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    You need to take special care to avoid the flu if you have any of these long-term medical conditions:

    • Asthma, emphysema, and other lung problems
    • Diabetes
    • Stroke and other neurologic and developmental conditions
    • Heart disease
    • Cancer
    • Kidney, liver, and blood problems
    • HIV or AIDS
    • Children under 19 who need to take aspirin for a long time
    • Any condition that weakens the immune system

    The same is true if you’re:

    • Pregnant
    • Obese
    • 65 years old or older

    Be sure to get a flu shot every year. It’s the best way to prevent the flu. Get the vaccine as soon as it’s available, ideally by October. That's about the time that flu season begins.

    When Should I Call My Doctor?

    If you come down with something you think might be the flu, call your doctor. You may be able to take medicine that will help you feel better sooner and prevent complications.

    If you have trouble breathing, call 911.

    Why Is the Flu Riskier for Me?

    Your health condition makes you more likely than other people to have complications, like pneumonia, from the flu. Without medical care, these problems can be life-threatening.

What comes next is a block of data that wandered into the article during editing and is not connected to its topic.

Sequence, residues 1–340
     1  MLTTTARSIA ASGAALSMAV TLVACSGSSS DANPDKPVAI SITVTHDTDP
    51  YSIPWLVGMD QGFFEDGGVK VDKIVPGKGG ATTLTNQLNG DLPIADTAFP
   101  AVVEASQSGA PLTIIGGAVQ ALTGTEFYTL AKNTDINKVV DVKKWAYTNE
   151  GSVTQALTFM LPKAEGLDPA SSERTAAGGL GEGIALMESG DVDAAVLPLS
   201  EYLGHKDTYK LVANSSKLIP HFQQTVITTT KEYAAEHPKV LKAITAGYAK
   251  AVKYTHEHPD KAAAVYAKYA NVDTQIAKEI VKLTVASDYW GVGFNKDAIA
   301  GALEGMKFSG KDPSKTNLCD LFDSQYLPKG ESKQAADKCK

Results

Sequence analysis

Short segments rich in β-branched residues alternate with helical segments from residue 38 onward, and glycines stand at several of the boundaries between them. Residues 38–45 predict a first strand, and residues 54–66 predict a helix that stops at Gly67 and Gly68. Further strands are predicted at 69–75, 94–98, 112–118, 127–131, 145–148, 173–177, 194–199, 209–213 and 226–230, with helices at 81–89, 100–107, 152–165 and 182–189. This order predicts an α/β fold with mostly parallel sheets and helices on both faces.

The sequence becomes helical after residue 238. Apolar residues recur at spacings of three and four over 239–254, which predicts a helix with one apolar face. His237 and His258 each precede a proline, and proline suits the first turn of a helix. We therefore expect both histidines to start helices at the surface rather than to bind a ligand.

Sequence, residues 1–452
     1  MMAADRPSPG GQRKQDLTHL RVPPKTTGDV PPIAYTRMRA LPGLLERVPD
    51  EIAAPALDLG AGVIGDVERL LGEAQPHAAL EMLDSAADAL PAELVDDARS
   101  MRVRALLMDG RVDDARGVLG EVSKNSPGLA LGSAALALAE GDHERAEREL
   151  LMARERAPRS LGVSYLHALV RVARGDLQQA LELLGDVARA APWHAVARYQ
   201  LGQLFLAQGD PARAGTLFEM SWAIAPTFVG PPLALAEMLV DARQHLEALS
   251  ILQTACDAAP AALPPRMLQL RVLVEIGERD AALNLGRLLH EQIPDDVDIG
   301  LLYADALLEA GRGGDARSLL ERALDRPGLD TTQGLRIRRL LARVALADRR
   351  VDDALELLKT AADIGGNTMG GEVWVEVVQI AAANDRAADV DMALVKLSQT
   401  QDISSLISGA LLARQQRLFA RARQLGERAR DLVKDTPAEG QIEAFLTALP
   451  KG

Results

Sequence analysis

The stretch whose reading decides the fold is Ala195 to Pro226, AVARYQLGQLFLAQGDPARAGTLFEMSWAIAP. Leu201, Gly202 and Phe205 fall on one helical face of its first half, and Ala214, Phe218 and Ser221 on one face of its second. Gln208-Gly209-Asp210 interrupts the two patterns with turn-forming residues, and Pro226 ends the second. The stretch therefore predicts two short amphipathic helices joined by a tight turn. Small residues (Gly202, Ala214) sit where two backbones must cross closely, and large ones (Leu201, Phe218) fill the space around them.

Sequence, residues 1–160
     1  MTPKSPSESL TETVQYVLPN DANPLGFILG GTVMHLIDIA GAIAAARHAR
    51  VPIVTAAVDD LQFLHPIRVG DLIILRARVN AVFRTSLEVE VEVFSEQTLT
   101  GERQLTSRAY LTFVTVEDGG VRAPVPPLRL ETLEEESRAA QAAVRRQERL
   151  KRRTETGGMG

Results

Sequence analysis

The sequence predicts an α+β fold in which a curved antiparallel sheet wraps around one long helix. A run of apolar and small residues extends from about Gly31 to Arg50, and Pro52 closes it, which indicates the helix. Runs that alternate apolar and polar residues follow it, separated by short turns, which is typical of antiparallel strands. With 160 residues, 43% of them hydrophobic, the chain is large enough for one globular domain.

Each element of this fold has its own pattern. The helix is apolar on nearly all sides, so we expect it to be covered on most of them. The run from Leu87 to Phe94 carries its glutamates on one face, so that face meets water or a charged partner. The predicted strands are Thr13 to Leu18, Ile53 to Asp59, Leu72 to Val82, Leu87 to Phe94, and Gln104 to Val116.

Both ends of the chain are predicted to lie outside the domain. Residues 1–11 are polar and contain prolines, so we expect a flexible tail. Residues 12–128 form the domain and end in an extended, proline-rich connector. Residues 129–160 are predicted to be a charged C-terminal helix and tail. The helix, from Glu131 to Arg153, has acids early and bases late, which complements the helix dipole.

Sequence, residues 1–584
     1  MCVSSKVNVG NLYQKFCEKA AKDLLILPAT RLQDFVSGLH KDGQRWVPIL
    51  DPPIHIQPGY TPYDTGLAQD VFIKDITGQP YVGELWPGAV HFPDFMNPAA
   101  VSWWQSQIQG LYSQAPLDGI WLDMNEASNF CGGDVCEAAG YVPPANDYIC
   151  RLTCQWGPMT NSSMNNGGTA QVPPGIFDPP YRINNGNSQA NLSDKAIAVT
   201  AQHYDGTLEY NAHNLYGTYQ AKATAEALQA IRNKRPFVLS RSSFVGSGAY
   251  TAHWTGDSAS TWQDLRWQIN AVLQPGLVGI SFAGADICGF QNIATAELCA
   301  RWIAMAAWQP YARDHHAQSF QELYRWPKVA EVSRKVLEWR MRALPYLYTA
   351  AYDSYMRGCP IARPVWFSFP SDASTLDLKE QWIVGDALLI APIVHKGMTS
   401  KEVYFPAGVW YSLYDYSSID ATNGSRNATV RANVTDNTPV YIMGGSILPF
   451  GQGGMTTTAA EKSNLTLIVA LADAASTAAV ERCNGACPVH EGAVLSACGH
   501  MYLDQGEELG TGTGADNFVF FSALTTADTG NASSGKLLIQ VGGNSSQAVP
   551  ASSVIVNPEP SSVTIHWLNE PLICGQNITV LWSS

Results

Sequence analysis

For instance, if you have diabetes, your immune system may be weaker than normal. If you have heart disease, the flu can make your heart work harder, which is risky.

    When Does Flu Season Start?

    It can begin as early as September and last as late as May.

    Your best bet is to get the flu vaccine as soon as it becomes available each fall. But you can still get vaccinated in January or later. The flu shot starts to work about 2 weeks after your vaccination.

    Where Can I Get a Flu Shot?

    You have many options, including your doctor’s office, local health clinics, and many supermarkets and drugstores.

    The American Lung Association’s web site offers an online flu vaccine clinic locator. You enter your ZIP code and get information about clinics scheduled in your area.

    Can I Take the Vaccine Nasal Spray Instead?

    No. Unlike the flu shot, the nasal flu vaccine, called FluMist, contains live, weakened viruses. You shouldn’t take it if you’re pregnant or have a long-term health condition. This form of the vaccine is only approved for healthy people ages 2-49.

    WebMD Medical Reference